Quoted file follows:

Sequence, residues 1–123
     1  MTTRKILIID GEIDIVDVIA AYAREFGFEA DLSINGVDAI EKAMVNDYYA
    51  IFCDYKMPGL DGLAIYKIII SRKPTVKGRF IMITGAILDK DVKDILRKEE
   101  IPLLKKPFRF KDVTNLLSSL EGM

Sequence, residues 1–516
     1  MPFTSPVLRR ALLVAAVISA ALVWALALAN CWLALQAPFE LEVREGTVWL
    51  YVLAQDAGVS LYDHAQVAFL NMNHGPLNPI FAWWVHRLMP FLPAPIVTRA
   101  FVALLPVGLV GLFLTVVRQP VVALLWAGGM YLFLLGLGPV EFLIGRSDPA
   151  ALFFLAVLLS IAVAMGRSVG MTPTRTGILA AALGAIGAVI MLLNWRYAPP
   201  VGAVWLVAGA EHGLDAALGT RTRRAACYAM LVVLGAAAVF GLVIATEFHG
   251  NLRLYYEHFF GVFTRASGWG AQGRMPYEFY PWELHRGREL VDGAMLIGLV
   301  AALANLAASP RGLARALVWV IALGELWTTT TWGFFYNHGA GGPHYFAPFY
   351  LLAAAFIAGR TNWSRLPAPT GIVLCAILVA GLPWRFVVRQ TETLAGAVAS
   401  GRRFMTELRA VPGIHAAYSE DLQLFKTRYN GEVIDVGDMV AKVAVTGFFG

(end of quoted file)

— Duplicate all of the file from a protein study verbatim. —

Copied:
Sequence, residues 1–123
     1  MTTRKILIID GEIDIVDVIA AYAREFGFEA DLSINGVDAI EKAMVNDYYA
    51  IFCDYKMPGL DGLAIYKIII SRKPTVKGRF IMITGAILDK DVKDILRKEE
   101  IPLLKKPFRF KDVTNLLSSL EGM

Sequence, residues 1–516
     1  MPFTSPVLRR ALLVAAVISA ALVWALALAN CWLALQAPFE LEVREGTVWL
    51  YVLAQDAGVS LYDHAQVAFL NMNHGPLNPI FAWWVHRLMP FLPAPIVTRA
   101  FVALLPVGLV GLFLTVVRQP VVALLWAGGM YLFLLGLGPV EFLIGRSDPA
   151  ALFFLAVLLS IAVAMGRSVG MTPTRTGILA AALGAIGAVI MLLNWRYAPP
   201  VGAVWLVAGA EHGLDAALGT RTRRAACYAM LVVLGAAAVF GLVIATEFHG
   251  NLRLYYEHFF GVFTRASGWG AQGRMPYEFY PWELHRGREL VDGAMLIGLV
   301  AALANLAASP RGLARALVWV IALGELWTTT TWGFFYNHGA GGPHYFAPFY
   351  LLAAAFIAGR TNWSRLPAPT GIVLCAILVA GLPWRFVVRQ TETLAGAVAS
   401  GRRFMTELRA VPGIHAAYSE DLQLFKTRYN GEVIDVGDMV AKVAVTGFFG